"That will do," said Don Fernando; "let us say no more about it; and as her ladyship the princess proposes to set out to-morrow because it is too late to-day, so be it, and we will pass the night in pleasant conversation, and to-morrow we will all accompany Senor Don Quixote; for we wish to witness the valiant and unparalleled achievements he is about to perform in the course of this mighty enterprise which he has undertaken."

"It is I who shall wait upon and accompany you," said Don Quixote; "and I am much gratified by the favour that is bestowed upon me, and the good opinion entertained of me, which I shall strive to justify or it shall cost me my life, or even more, if it can possibly cost me more."

Many were the compliments and expressions of politeness that passed between Don Quixote and Don Fernando; but they were brought to an end by a traveller who at this moment entered the inn, and who seemed from his attire to be a Christian lately come from the country of the Moors, for he was dressed in a short-skirted coat of blue cloth with half-sleeves and without a collar; his breeches were also of blue cloth, and his cap of the same colour, and he wore yellow buskins and had a Moorish cutlass slung from a baldric across his breast. Behind him, mounted upon an ass, there came a woman dressed in Moorish fashion, with her face veiled and a scarf on her head, and wearing a little brocaded cap, and a mantle that covered her from her shoulders to her feet. The man was of a robust and well-proportioned frame, in age a little over forty, rather swarthy in complexion, with long moustaches and a full beard, and, in short, his appearance was such that if he had been well dressed he would have been taken for a person of quality and good birth. On entering he asked for a room, and when they told him there was none in the inn he seemed distressed, and approaching her who by her dress seemed to be a Moor he her down from saddle in his arms. Luscinda, Dorothea, the landlady, her daughter and Maritornes, attracted by the strange, and to them entirely new costume, gathered round her; and Dorothea, who was always kindly, courteous, and quick-witted, perceiving that both she and the man who had brought her were annoyed at not finding a room, said to her, "Do not be put out, senora, by the discomfort and want of luxuries here, for it is the way of road-side inns to be without them; still, if you will be pleased to share our lodging with us (pointing to Luscinda) perhaps you will have found worse accommodation in the course of your journey."

To this the veiled lady made no reply; all she did was to rise from her seat, crossing her hands upon her bosom, bowing her head and bending her body as a sign that she returned thanks. From her silence they concluded that she must be a Moor and unable to speak a Christian tongue.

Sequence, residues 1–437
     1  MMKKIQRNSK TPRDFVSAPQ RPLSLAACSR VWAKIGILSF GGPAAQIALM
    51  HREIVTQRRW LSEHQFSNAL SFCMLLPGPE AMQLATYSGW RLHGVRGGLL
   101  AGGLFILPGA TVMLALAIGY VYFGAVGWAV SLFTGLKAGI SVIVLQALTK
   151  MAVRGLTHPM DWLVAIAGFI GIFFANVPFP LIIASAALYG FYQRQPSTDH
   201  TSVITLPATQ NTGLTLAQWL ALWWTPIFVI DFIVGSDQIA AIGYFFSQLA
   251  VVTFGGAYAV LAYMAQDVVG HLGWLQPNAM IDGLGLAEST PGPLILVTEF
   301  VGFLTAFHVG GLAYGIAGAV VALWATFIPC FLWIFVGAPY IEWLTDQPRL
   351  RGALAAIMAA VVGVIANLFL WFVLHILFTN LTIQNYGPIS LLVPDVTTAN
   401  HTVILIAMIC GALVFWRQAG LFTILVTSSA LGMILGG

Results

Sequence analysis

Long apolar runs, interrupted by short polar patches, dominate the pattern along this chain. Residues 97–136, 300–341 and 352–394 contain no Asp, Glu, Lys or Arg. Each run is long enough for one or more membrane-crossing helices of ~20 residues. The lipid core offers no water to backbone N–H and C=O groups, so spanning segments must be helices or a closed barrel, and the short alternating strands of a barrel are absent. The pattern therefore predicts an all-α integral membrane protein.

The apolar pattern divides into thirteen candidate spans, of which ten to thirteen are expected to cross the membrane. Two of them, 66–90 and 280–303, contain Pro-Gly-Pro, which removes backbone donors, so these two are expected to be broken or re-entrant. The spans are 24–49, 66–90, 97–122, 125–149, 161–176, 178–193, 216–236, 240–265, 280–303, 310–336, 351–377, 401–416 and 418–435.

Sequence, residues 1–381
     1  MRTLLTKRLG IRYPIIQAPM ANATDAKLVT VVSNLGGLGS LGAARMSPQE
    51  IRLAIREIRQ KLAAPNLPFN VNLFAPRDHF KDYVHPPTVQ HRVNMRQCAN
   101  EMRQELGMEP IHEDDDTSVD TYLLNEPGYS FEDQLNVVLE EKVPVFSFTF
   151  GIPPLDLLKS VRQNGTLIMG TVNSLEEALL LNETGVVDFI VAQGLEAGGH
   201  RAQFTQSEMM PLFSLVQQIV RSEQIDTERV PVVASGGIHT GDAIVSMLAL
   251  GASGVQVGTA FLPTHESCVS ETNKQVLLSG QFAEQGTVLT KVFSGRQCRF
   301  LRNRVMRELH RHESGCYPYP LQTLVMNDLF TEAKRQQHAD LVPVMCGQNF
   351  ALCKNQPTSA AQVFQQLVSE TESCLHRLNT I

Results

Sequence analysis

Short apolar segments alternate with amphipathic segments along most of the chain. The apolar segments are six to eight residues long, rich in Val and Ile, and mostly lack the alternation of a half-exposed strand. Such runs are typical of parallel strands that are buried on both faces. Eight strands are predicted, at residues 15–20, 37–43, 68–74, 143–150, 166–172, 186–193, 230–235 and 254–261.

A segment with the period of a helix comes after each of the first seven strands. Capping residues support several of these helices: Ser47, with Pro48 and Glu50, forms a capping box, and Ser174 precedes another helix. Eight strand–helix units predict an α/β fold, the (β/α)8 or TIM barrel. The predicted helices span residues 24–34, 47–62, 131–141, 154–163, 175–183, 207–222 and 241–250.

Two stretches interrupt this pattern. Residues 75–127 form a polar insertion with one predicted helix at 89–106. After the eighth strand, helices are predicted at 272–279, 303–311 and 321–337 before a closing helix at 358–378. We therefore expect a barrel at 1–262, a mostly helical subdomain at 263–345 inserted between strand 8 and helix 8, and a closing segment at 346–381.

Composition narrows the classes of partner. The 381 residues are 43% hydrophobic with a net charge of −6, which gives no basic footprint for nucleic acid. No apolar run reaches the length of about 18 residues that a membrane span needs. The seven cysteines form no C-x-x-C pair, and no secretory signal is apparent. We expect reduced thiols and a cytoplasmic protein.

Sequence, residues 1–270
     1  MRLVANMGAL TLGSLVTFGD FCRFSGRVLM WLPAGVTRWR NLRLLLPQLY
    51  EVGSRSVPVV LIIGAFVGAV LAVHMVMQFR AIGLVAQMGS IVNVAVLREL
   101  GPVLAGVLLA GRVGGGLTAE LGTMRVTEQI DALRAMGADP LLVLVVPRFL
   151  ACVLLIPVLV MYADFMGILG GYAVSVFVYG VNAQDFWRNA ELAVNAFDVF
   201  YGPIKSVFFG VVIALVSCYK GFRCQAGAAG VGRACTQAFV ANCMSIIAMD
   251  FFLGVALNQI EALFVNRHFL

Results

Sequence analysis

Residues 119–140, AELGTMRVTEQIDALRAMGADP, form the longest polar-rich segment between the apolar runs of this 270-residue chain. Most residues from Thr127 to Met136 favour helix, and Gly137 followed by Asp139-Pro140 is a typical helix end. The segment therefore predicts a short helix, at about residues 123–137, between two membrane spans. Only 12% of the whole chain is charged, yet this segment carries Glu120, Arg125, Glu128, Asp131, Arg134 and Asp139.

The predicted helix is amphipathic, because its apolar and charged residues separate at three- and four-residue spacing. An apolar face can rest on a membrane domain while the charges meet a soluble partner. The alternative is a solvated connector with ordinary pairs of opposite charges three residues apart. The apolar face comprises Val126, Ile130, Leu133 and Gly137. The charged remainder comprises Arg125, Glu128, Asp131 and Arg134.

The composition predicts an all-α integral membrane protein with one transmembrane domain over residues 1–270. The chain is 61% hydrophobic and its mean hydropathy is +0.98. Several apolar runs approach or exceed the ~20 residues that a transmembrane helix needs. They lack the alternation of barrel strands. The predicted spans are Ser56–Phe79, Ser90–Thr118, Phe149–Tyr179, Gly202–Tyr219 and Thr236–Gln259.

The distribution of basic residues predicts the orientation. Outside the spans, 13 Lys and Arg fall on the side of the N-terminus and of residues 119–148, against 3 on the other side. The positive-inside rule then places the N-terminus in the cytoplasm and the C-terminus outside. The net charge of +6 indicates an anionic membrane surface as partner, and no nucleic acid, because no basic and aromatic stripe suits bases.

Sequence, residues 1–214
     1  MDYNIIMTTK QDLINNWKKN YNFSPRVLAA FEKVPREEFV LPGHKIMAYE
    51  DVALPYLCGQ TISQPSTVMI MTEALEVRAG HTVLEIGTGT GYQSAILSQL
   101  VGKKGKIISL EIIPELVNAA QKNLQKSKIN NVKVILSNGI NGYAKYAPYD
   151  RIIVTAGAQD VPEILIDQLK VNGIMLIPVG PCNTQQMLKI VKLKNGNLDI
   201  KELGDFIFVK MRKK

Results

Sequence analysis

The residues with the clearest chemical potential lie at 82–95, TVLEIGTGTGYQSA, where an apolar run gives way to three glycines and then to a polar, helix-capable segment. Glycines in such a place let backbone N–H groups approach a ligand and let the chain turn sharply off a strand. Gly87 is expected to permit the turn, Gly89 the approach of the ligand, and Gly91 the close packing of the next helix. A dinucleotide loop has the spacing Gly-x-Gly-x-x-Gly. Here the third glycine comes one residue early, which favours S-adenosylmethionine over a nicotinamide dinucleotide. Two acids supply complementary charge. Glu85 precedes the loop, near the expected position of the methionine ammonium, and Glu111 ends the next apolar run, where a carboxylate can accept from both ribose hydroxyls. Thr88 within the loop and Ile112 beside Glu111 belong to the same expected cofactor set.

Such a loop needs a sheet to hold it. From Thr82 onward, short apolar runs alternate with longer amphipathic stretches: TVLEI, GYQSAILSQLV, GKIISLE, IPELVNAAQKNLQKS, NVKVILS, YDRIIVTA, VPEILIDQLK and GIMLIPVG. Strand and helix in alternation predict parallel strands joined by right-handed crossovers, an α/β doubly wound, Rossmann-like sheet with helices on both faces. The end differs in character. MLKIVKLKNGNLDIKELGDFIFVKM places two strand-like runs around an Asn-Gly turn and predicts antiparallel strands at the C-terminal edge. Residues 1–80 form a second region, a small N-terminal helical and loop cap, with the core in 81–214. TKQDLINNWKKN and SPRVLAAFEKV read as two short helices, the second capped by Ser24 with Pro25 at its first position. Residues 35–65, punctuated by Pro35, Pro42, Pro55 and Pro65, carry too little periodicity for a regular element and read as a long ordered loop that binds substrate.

At this moment the captive came up, having been until now otherwise engaged, and seeing that they all stood round his companion and that she made no reply to what they addressed to her, he said, "Ladies, this damsel hardly understands my language and can speak none but that of her own country, for which reason she does not and cannot answer what has been asked of her."

"Nothing has been asked of her," returned Luscinda; "she has only been offered our company for this evening and a share of the quarters we occupy, where she shall be made as comfortable as the circumstances allow, with the good-will we are bound to show all strangers that stand in need of it, especially if it be a woman to whom the service is rendered."

"On her part and my own, senora," replied the captive, "I kiss your hands, and I esteem highly, as I ought, the favour you have offered, which, on such an occasion and coming from persons of your appearance, is, it is plain to see, a very great one."

"Tell me, senor," said Dorothea, "is this lady a Christian or a Moor? for her dress and her silence lead us to imagine that she is what we could wish she was not."

"In dress and outwardly," said he, "she is a Moor, but at heart she is a thoroughly good Christian, for she has the greatest desire to become one."

"Then she has not been baptised?" returned Luscinda.

"There has been no opportunity for that," replied the captive, "since she left Algiers, her native country and home; and up to the present she has not found herself in any such imminent danger of death as to make it necessary to baptise her before she has been instructed in all the ceremonies our holy mother Church ordains; but, please God, ere long she shall be baptised with the solemnity befitting her which is higher than her dress or mine indicates."